Erwin center seeks to limit lawsuit
Mar 14, 2012 at 10:28 PM
ERWIN — Attorneys for Erwin Health Care Center and C & E Management Co., the company over the center, filed a motion in Unicoi County Circuit Court earlier this month requesting dismissal of portions of a complaint seeking damages from the two entities for alleged negligence contributing to the death of a center resident.
A wrongful death lawsuit was filed against the center and C & E Management in late January by attorneys for William A. Warden Jr. The complaint, also filed in Circuit Court, alleges that Erwin Health Care, where William A. Warden Sr. was a resident, failed to notify Warden’s family of his deteriorating health over the course of his stay at the facility.
According to the complaint, Warden Sr. entered the center on March 8, 2011. From late April until his death on May 10, Warden’s physical condition deteriorated, but it was not until the evening of May 5 that his family was notified of the decline in his health, according to the complaint.
The motion to dismiss the claim for damages under the Tennessee Adult Protection Act was filed on March 5 by Peter Winterburn of the Memphis-based Adelman Law Firm, the firm representing Erwin Health Care and C & E Management.
The defense’s motion states that William Warden’s complaint filed in January alleges medical malpractice and wrongful death against the defendants, and also asserts a separate claim against the center for violation of the Tennessee Adult Protection Act. The motion states that because the state’s Adult Protection Act falls within the scope of the Tennessee Medical Malpractice Act, the plaintiff “cannot maintain an action under the Tennessee Adult Protection Act by operation of law.”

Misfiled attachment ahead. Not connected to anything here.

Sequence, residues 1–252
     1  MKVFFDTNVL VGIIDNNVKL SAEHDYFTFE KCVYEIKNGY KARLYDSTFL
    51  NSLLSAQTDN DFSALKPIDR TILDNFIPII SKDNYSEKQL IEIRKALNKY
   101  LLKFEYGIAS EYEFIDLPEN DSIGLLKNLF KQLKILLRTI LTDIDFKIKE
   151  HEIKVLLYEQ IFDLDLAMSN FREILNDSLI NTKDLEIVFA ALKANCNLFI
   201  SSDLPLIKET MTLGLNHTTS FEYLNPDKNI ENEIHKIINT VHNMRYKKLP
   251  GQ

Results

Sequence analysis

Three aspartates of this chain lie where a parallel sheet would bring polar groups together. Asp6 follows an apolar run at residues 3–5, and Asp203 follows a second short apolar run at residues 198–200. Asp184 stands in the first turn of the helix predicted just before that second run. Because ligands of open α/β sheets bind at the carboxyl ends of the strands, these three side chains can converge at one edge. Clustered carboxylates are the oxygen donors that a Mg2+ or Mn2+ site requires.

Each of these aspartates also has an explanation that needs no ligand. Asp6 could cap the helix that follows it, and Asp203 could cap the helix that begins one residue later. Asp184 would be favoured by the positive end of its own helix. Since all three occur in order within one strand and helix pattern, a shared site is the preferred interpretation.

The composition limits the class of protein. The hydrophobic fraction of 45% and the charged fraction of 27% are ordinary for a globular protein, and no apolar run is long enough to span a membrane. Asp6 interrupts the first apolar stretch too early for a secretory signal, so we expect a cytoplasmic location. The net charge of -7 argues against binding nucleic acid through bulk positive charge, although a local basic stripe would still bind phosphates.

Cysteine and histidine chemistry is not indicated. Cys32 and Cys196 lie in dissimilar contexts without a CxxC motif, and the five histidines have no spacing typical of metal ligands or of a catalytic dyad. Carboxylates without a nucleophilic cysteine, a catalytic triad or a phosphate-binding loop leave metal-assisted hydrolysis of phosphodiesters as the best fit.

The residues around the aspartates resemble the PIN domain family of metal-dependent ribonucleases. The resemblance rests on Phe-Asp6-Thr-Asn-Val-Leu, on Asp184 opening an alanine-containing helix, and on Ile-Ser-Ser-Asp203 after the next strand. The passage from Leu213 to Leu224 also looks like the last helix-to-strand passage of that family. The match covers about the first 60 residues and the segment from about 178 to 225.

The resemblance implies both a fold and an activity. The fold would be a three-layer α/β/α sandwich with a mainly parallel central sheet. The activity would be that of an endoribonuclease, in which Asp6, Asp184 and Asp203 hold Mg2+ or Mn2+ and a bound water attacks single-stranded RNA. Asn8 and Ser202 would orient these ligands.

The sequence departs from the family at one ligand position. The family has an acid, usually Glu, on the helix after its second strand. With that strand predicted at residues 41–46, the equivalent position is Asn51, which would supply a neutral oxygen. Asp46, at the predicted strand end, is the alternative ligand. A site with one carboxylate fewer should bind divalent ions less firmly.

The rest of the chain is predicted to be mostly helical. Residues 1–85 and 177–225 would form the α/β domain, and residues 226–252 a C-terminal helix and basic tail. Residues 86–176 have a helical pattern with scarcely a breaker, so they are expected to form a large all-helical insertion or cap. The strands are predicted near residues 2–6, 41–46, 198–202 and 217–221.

According to language contained in the Tennessee Adult Protection Act, the legislative intent of the act is to protect adults from “abuse, neglect or exploitation by requiring reporting of suspected cases by any person having cause to believe that such cases exist. It is intended that, as a result of such reports, the protective services of the state shall prevent further abuse, neglect or exploitation.”
According to the defense’s motion, the act did not provide an individual with a private right of action until it was amended in 2000. Prior to that, it “merely provided the State of Tennessee with a right to seek injunctive relief,” the motion states.
“This statutory language clearly expresses a legislative intent that the Tennessee Adult Protection Act does not apply to an individual’s cause of action which is ‘within the scope of’ the Tennessee Medical Malpractice Act,’ ” the motion states. “The key determination to be made by this Court is whether the Plaintiff’s Complaint does indeed fall within the scope of the TMMA. The answer to this question is a resounding yes. The Plaintiff’s claim under the TAPA must therefore be dismissed.”
While it argues that the Tennessee Adult Protection Act would not apply in the suit, the defense’s motion states the plaintiff’s cause of action would fall under the purview of the Tennessee Medical Malpractice Act. The motion states that allegations made in the complaint involve matters of “medical science or art” and are subject to the state’s Medical Malpractice Act.
“If the Plaintiff’s allegations require expert proof on matters of medical science or art, then the Plaintiff’s cause of action falls within the scope of the Tennessee Medical Malpractice Act and a separate cause of action under the Tennessee Adult Protection Act cannot be maintained,” the motion states. “A review of the Complaint readily illustrates that the Plaintiff’s allegations of medical/nursing home negligence will all require expert medical/nursing proof and, as such, the cause of action falls within the scope of the TMMA.”